Gateshead artist set for sea stunt in Tynemouth

A NORTH East artist has found a quirky way to carry out his work – sitting on top of a 17ft pole in the sea for 16 hours, while the tide rises around him.

Stu Herring, of Swalwell
Stu Herring, of Swalwell

A NORTH East artist has found a quirky way to carry out his work – sitting on top of a 17ft pole in the sea for 16 hours, while the tide rises around him.

Stu Herring, of Swalwell, Gateshead, hopes to carry out his feat at King Edward’s Bay, in Tynemouth, in August.

This is the latest performance art event he has planned, following a number of unusual projects over the years.

His previous work has included him submerging himself in a tin bath for two hours while breathing through a tube, and standing still in one place for eight hours.

On one occasion, he chained himself to a block of concrete which contained the key to release him.

The 25-year-old, who has a degree and masters in fine art from Northumbria University, said: “This is a contemporary art performance.

“In the past, I have found that people have connected to the work I have done. They find it humorous and unusual.

“At the same time, if someone takes it seriously, that is fine too.

“This plan to sit on top of a pole relates to post-industrial life.

“My dad was a metal worker and a number of my family members were in the shipping industry. I’m the first person from my family to go to university and get an art degree. This performance is like a humorous apology for not being manly enough.”

He classes his work as an exploration of his understanding of existence and society. His “absurd tasks” are designed to challenge the viewers’ common perception of what is normal or ordinary.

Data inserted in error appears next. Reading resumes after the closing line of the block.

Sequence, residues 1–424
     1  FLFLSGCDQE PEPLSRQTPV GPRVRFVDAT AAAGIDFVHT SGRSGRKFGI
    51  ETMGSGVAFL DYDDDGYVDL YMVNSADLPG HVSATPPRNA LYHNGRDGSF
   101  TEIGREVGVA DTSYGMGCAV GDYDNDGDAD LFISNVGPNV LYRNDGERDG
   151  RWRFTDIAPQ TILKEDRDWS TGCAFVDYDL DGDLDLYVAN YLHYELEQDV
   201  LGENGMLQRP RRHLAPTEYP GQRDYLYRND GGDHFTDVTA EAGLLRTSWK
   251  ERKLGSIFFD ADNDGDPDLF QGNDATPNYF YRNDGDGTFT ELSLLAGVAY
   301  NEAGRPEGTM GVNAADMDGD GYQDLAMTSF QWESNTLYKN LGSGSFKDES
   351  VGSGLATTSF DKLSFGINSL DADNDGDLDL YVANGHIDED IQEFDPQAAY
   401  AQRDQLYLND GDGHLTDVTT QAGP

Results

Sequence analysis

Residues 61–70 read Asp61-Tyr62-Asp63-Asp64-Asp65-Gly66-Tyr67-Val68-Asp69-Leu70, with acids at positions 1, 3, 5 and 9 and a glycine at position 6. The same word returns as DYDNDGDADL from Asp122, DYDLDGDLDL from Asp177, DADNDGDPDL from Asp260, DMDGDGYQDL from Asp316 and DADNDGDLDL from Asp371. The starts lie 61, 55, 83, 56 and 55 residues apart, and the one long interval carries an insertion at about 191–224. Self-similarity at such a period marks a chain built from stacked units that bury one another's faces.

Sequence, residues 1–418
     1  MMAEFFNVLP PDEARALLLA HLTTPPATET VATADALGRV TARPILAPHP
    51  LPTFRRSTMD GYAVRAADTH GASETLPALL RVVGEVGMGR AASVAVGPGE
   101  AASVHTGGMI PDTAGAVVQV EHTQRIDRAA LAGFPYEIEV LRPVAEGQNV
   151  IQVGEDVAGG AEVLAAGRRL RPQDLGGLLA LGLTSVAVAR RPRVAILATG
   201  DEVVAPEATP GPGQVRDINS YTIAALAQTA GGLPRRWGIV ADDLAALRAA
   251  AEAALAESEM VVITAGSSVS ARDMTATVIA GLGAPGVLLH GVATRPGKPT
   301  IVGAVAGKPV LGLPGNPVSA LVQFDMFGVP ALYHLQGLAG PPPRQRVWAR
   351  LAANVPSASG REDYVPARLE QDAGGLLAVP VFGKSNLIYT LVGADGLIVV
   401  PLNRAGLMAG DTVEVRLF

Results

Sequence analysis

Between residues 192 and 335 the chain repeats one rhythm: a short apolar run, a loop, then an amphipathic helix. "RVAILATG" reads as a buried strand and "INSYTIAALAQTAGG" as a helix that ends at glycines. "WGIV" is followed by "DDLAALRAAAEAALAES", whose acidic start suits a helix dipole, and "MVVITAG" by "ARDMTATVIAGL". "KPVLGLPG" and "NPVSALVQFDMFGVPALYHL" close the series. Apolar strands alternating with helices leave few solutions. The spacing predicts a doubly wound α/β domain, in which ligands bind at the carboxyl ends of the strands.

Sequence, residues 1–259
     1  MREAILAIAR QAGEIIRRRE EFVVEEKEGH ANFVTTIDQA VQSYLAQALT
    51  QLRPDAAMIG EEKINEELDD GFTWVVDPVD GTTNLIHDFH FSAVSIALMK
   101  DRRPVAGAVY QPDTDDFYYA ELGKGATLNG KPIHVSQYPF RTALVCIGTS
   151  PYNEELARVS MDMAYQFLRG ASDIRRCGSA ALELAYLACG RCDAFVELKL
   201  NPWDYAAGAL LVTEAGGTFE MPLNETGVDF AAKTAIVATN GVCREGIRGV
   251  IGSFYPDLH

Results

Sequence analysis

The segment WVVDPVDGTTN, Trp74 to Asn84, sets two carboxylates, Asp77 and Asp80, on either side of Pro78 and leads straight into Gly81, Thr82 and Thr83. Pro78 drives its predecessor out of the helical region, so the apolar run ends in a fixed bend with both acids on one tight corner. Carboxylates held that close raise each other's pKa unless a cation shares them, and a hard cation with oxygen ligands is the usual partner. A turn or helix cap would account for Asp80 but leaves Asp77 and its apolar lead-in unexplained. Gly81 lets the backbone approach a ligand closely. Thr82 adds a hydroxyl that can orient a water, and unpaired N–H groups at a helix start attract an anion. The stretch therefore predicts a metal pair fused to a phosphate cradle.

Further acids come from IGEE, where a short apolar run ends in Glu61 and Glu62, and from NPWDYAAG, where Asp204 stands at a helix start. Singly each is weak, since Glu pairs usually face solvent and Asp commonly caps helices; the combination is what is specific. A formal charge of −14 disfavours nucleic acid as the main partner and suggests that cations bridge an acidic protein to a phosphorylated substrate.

The tin bath stunt was carried out in Holland, during the second year of his degree. He was exploring issues of isolation, a difference in cultures and aspects of sensory deprivation.

He added: “I was looking at the idea of being in a room but without all of my senses. I could not see or hear but I was present and people could watch me being there. I then started to develop that style of art performance.

“I am now in the process of preparing for the tidal stool project in Tynemouth. We will be carrying out tests on the structure of the pole to make sure it will be safe and I’m also getting advice about different types of diets.

“I will be sitting there for 16 hours. The plan is to reduce the diet down and reduce the need to go to the toilet. I would be eating limited amounts of food packed with nutrients.”

He is based at Commercial Union House, in Newcastle, and works to promote North East artists.

He said: “We are helping to support 48 other art studios in the region. Our aim is to encourage art graduates to stay and work in the North East.”

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